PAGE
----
We have explored the challenges and best practices of the Acquisition and Integration stages of the Membership Life Cycle. In this month’s issue, we explore the best practices to implement for Stage 3: Engagement. Don’t miss the December issue where we will explore best practices for the Renewal stage.
Stage 3: Engagement Levels of Members
Most organizations have found a strong correlation between engagement and retention of members. Engagement is more broadly defined than “participation of events” and includes open rates of e-mails and e-newsletters, web site visits, clicking on links, responding to surveys and polls, participating in committees, councils and task forces, volunteering and connecting through social media platforms. Although tracking engagement levels of members can be difficult depending on organizational resources (e.g., time, staff, technology), the more that can be monitored and influenced, the higher likelihood of higher retention rates and member loyalty.
The most common challenges organizations face in this stage include:
- Lack of technology or resources to document, track and monitor engagement levels
- Lack of time for members to engage more due to their own resource constraints
- Member apathy or indifference to engage on a consistent basis
- Identifying and agreeing on the definition of engagement
- Quantifying and tracking engagement through non-registered activities or social media interactions
Best Practices for the Engagement Stage:
- Create Circles of Engagement that Influence Member Involvement
- Birds of a Feather Flock Together — provide opportunities for members with similar needs and/or interests to interact, work on shared goals, and share best practices. These opportunities include SIGS (Special Interest Groups such as a Women’s Council, Young Professionals Group, Solo-Entrepreneurs or Industry Roundtables) who interact face-to-face or virtually through social media group), task forces, and committees or councils.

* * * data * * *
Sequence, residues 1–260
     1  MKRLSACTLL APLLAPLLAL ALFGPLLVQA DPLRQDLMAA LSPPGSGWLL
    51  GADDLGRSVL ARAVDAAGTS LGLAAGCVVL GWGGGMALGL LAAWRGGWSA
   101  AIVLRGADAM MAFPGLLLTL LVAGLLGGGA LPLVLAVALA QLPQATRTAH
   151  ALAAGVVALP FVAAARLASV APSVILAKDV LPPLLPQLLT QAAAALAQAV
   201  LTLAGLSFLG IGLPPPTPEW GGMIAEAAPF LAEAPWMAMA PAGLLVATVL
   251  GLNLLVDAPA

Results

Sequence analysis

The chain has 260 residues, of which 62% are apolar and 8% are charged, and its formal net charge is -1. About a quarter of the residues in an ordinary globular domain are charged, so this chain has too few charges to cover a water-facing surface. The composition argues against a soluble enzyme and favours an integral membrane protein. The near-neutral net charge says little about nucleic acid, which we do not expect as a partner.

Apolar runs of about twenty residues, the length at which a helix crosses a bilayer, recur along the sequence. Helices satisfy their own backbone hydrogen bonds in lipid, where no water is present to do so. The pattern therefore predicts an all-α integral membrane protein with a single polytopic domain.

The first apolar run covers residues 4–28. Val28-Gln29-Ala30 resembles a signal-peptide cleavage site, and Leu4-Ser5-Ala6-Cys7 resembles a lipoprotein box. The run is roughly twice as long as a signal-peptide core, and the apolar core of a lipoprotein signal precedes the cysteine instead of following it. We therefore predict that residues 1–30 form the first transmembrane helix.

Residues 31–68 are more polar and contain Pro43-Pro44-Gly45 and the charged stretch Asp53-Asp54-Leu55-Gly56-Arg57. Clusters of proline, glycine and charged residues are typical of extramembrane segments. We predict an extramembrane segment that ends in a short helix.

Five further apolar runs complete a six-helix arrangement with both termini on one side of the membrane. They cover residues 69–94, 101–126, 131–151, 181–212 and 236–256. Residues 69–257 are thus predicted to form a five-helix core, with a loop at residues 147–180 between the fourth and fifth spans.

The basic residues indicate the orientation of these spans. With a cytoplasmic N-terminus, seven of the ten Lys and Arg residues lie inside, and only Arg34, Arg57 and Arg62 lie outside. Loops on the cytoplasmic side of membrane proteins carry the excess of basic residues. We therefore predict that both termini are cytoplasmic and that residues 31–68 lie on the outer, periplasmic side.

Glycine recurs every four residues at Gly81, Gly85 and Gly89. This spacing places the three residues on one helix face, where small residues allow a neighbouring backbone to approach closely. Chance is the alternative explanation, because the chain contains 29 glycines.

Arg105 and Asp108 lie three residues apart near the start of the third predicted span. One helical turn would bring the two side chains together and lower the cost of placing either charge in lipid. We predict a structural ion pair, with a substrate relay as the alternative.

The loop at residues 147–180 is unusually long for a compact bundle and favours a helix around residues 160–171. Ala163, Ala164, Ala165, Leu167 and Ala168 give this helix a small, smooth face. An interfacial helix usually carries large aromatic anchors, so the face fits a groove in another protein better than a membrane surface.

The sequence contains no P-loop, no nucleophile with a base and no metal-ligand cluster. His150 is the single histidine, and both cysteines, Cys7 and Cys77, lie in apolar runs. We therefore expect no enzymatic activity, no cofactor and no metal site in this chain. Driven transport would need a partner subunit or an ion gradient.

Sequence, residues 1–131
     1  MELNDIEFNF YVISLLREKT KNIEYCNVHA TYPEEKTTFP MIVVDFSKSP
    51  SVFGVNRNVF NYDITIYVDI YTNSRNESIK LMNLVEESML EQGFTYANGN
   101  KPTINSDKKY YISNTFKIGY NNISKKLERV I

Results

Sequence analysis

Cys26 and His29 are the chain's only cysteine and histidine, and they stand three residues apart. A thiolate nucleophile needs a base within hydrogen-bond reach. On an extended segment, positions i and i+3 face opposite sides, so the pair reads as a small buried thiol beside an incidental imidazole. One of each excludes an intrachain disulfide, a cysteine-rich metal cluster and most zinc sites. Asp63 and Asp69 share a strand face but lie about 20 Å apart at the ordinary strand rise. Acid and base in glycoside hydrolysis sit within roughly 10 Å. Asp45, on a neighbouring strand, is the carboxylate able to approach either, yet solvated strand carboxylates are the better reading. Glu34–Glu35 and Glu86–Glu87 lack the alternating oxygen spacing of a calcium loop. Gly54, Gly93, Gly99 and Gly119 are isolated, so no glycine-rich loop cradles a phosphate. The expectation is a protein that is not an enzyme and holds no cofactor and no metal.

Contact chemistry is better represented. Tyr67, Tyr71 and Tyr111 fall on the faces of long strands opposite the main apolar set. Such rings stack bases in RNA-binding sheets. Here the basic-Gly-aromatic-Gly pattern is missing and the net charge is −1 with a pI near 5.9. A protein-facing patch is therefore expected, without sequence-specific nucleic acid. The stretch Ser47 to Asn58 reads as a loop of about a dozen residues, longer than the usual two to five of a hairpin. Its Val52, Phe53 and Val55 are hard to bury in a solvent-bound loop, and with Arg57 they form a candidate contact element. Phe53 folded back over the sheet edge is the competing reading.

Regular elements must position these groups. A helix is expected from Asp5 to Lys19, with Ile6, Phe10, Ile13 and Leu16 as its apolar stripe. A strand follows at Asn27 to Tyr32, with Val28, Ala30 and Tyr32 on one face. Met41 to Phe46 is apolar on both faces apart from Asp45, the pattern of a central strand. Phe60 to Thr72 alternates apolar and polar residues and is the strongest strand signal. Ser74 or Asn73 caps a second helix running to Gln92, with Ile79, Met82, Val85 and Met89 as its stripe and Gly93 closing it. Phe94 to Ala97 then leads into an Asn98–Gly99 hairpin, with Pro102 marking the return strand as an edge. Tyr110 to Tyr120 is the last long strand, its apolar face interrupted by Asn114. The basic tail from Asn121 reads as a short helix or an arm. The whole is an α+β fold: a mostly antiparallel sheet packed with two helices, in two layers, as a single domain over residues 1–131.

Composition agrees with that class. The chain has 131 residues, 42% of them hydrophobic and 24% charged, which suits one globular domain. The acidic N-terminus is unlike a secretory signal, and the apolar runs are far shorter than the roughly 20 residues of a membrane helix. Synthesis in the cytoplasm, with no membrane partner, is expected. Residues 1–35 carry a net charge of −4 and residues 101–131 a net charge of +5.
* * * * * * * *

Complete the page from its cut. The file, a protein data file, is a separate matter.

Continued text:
- Networking or Business Exchange Opportunities — many members enjoy meeting with other members to promote their businesses or to build stronger connections. Provide face-to-face, virtual (through social media), list serve opportunities to meet members needs on a 24/7 basis. Recognize that all members can attend face-to-face opportunities due to resource constraints yet still have a need to connect with other members.
- Leverage Social Media Platforms to Engage, Educate, and Promote Members—social media platforms such as Facebook and WordPress allow organizations and their members to share information, connect with others, and promote one another. Volunteers, leaders and staff can facilitate the process proactively to ensure that activity is consistent and that inquiries and concerns are addressed. (We offer additional engagement strategies as an important component of a retention plan in our Member Retention Kit, Section IV, Strategic Direction: Where Do We Go from Here?)
- Collect feedback from members on a regular basis
- Conduct an Annual Membership Survey — collect feedback on the organization’s strategic direction, benefits and services, current and emerging needs, and loyalty levels. Using an online survey tool allows for reminders to be sent electronically, results to be compiled and analyzed, and visual charts to be displayed. If response rates are not high, consider collecting feedback through interviews and focus groups as well. (We offer tips for testing for loyalty as an engagement strategy in our Member Retention Kit.)
- Conduct Periodic Polls on Specific Topics — offer short polls on the web site that get a pulse from members on specific topics like web site features, current advocacy initiatives or industry/community concerns. Share the results with members so they can compare their perspectives to others.
- Monitor member engagement levels
- Run Engagement Reports Periodically — leverage the power of the membership management database by entering engagement data and running reports to identify high, medium and low engagers. Thank highly-engaged members and recognize their loyalty, and target lower-engaged members monthly who may be at risk of attrition.